Smoking in cars carrying children to be banned next year

December 18, 2014

The UK Government are planning to set new laws for those who are smoking in cars with children.

Smoking in cars carrying children is dangerous and we all know about it. The British Lung Foundation research says, an estimated 430,000 children are exposed to second-hand every week in a family car.

The ban will be welcomed by the medical groups, health charities and anti-smoking organisations, which has become concerned in recent months about the DH’s failure to bring forward regulations enacting something parliament has already approved. David Cameron is also among those who support the ban. In February, Mr Cameron said – the time has come to introduce the new offence to protect children and young people from the effects of smoking.

“MPs will vote on the plants before the election and if the rule passed then the change will effect on 1st October.”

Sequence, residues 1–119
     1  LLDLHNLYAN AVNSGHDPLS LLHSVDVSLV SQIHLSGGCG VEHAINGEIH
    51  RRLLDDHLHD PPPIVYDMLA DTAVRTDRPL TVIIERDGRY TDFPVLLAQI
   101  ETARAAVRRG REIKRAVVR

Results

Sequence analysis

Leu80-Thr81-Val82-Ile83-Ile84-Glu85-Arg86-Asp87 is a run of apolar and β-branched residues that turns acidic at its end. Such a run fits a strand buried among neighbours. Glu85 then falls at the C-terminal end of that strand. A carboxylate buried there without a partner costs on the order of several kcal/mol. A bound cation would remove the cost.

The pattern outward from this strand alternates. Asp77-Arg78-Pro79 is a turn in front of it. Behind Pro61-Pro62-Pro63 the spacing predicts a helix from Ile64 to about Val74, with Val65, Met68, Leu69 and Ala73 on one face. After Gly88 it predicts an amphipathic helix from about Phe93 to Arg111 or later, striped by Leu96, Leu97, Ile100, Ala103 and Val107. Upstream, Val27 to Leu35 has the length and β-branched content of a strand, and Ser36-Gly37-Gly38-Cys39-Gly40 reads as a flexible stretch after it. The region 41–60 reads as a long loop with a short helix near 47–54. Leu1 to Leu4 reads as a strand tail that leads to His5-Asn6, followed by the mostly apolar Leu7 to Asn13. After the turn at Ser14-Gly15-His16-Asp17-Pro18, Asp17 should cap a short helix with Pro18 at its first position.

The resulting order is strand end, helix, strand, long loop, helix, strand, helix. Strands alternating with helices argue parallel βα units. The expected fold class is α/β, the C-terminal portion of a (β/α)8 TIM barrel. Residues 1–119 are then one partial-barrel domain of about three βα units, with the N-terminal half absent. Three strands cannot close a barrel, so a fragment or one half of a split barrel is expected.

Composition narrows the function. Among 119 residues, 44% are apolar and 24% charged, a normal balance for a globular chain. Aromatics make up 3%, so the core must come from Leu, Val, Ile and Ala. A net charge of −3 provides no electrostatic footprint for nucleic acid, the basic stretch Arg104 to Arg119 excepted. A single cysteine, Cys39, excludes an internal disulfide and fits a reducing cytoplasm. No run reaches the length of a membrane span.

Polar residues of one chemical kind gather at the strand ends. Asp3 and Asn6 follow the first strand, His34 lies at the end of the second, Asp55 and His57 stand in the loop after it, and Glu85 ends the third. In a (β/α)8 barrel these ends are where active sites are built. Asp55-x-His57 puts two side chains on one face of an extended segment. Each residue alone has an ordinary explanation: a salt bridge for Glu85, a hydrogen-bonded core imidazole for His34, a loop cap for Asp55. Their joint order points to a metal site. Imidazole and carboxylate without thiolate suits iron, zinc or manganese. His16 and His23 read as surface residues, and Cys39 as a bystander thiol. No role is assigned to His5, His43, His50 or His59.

If someone fails to follow the rules, then it could costs of £50 fine.

If the rule passed, then England will become the second European country to prohibit smoking in cars carrying children under 18.

Jane Ellison, the public health minister said: “Second-hand smoke is a real risk to children’s health and we want them to grow up free from the risks of smoking.”

Smoking in cars –

  • Contains more than 4,000 chemicals and some of them are known to cause cancer.
  • The dangerous smoke normally stays in the air for up to two and half hours even with a window open.
  • Some research says smoking in cars is 11 times higher than smoking in bar.
  • Research also says, each year 300,000 children in the UK might affected due to dangerous toxins where 9,500 children under 18s visit hospital for treatment.
  • Some of the countries have already implemented bans on smoking in cars including California as well as parts of California and Australia. 

The Scotland and Wales are also planning to bring the ban on smoking in cars, that will come after England’s. Northern Ireland said, it was considering ban.